Hopson says his building proposals would make investments in communities that have been neglected for decades.

“We’ve got to start thinking about equity here in Memphis. And if you look at these communities, these are places where nobody has invested in a very long time,” he said. “Given the enrollment and conditions of the facilities, we want to move forward.”

But the proposals aren’t a done deal. The school board will review them at its Nov. 29 work session, and members will cast their first of two votes on the school closures Dec. 6. Several community meetings would follow. Hopson hopes to take the plans to the Shelby County Board of Commissioners in December to ask for $15 million for each new school.

Picking his two children up from school last week at Goodlett Elementary, parent Jeremy Arris said his kids haven’t complained about the condition of their school building or overcrowding. He’s happy with the teachers and culture. And he’s OK with Hopson’s plan too, especially since his children wouldn’t have to move while a new school is being built.

“It’s fine with me,” Arris said. “I don’t want to send my kids anywhere else.”

En pointe

How ballet is energizing one Memphis school — and helped save it from closing

PHOTO: Caroline Bauman
Briana Brown, an instructor with New Ballet Ensemble, prepares her first-grade dance students for a performance at Dunbar Elementary School in Memphis.

Instructor Briana Brown counts aloud as first-graders in pink leotards skip across a classroom floor to practice their leaps and twirls — a weekly highlight for students at Dunbar Elementary School.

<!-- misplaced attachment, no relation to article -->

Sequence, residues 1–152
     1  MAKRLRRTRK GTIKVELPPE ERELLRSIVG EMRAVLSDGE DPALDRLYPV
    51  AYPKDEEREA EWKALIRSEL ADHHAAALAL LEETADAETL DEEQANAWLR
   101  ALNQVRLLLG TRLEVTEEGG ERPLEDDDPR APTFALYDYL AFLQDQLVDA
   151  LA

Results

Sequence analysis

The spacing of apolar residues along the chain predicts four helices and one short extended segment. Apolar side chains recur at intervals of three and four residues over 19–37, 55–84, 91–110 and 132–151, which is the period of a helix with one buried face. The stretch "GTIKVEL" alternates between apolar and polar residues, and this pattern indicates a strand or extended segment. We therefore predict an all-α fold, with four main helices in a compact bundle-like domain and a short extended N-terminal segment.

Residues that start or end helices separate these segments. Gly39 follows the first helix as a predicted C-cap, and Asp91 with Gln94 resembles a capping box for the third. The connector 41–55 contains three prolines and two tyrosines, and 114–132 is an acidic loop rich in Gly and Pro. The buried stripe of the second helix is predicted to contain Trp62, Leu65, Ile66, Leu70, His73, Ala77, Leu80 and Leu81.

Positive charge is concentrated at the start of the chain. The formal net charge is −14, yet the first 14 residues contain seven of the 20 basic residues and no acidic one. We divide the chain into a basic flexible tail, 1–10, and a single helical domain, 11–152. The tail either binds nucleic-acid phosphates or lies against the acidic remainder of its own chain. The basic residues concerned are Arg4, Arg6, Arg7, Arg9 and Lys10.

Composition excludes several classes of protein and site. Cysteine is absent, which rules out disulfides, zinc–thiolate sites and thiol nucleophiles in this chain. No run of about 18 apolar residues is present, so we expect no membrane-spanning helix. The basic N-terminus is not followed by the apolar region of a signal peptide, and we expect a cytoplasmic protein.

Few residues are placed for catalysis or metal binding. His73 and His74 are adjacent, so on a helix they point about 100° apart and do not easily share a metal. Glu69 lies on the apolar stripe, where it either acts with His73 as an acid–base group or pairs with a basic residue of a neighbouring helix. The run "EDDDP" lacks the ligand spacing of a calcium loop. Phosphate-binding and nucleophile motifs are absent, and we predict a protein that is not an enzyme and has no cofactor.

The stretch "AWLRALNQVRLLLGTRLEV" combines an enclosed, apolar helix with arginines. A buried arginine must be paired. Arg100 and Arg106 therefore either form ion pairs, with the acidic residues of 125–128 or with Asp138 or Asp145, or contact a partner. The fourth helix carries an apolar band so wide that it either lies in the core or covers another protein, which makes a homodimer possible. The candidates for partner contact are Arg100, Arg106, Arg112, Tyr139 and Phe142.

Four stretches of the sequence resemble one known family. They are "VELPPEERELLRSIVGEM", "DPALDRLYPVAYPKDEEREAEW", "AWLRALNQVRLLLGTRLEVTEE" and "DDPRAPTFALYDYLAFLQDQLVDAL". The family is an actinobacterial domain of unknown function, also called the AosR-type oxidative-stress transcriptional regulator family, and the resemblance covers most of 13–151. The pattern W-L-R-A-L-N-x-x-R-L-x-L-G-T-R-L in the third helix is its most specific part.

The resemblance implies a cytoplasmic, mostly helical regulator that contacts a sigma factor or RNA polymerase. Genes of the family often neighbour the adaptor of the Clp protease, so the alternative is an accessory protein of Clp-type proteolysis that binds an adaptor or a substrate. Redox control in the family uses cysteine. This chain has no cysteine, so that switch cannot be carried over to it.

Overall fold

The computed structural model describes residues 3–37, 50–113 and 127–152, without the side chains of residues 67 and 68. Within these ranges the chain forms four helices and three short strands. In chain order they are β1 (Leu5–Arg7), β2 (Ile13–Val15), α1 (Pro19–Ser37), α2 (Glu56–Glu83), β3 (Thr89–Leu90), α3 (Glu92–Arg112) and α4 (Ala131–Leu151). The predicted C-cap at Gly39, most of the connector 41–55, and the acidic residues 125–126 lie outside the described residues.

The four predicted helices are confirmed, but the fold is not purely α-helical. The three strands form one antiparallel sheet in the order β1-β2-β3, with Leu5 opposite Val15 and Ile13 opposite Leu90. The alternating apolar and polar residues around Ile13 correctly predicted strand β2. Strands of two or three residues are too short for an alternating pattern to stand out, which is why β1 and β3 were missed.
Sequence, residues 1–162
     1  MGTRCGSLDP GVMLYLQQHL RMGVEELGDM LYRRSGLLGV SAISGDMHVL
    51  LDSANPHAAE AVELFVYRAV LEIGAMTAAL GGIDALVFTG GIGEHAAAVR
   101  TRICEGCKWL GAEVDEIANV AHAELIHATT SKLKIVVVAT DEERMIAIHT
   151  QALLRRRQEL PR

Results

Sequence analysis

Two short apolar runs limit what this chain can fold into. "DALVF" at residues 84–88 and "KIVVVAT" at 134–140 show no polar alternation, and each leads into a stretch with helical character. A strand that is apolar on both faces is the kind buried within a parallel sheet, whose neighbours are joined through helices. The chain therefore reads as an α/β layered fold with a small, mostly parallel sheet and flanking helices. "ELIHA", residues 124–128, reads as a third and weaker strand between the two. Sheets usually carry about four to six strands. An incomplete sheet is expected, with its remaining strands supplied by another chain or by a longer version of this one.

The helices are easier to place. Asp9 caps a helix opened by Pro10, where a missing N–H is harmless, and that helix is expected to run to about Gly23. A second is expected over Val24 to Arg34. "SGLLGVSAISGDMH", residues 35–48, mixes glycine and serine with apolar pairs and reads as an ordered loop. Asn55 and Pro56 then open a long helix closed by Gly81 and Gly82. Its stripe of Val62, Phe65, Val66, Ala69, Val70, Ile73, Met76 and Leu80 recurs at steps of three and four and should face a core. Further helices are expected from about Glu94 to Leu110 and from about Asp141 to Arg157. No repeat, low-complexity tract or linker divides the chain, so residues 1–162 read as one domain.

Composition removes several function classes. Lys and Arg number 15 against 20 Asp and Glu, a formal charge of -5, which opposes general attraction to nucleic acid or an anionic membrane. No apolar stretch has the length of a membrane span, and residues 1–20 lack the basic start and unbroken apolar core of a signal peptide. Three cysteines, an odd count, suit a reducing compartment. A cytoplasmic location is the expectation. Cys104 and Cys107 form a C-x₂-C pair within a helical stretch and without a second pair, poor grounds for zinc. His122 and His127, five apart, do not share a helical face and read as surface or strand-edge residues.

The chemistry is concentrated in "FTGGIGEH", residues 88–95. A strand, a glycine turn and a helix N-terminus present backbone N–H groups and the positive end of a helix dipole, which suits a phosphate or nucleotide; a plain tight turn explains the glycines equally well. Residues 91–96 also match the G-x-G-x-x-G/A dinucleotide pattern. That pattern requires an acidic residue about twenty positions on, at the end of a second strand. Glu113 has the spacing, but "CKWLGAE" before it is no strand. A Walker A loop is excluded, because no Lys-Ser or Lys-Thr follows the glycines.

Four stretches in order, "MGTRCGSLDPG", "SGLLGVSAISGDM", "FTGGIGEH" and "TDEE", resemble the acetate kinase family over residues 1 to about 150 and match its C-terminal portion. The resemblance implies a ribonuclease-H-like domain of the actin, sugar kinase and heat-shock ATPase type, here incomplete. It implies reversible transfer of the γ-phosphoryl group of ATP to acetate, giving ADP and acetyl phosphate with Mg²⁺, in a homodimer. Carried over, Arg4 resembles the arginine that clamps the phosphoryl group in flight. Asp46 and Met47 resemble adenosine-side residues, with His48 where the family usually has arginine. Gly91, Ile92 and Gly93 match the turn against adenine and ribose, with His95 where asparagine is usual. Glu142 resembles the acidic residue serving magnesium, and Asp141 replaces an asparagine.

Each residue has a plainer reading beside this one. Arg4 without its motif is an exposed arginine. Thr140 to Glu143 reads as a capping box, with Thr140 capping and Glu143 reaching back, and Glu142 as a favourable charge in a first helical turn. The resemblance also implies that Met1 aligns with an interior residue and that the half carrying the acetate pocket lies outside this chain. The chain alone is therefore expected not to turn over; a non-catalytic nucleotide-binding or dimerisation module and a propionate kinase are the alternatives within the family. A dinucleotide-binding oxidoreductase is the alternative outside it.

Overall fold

In the South Memphis neighborhood, ballet lessons offered through the nonprofit New Ballet Ensemble introduce students to the art of dance at a school with few resources for extracurricular activities.

PHOTO: Caroline Bauman
Ten-year-old Briana Davis is among 40 students receiving dance instruction at Dunbar Elementary School.

Ten-year-old Briana Davis is among the beneficiaries.

Before joining New Ballet’s class, she danced throughout her mom’s house, just a short walk from Dunbar in the city’s historic African-American community of Orange Mound. Now, Briana is among about 40 Dunbar students who jeté and pirouette in a makeshift classroom studio at Dunbar, or after school in a studio at the group’s headquarters in midtown Memphis.

“I want to keep dancing and to be a dance teacher when I grow up,” Briana said. “I think this is really special. If I hadn’t done ballet at school, I don’t know if I ever would have danced for real and not just at home.”

For eight years, New Ballet Ensemble has been teaching classes at Dunbar and offering scholarships to a talented few to continue their dance education outside of school time. Here under the tutelage of teaching artists who are fluent in classical ballet and other styles of dance, they learn to follow instructions, practice new positions, strengthen young muscles and develop discipline, all while expressing themselves creatively and learning about a world beyond Orange Mound.

But the Memphis dance company’s work has gone far beyond teaching students how to plié and fondu. Thanks to grants that New Ballet helped secure, Dunbar now has a community garden and parent resource center.

And when Dunbar was on the chopping block to be closed this year by Shelby County Schools, New Ballet dancers, instructors and supporters showed up en force at school board meetings. The district later reversed its decision and opted to keep Dunbar open. Superintendent Dorsey Hopson cited community support as a reason for his change of heart.

Katie Smythe founded New Ballet Ensemble in 2001 to teach dance, but quickly discovered how her organization’s work was being limited by a dearth of community resources available to public schools in Memphis.

“We came here to find talented kids for dance, but we found that our access to community partnerships and the school board to be the real opportunity point for us,” said Smythe, who also serves as the group’s artistic director. “The school board and administration learned while trying to close this school how valuable community partnerships can be, I think.”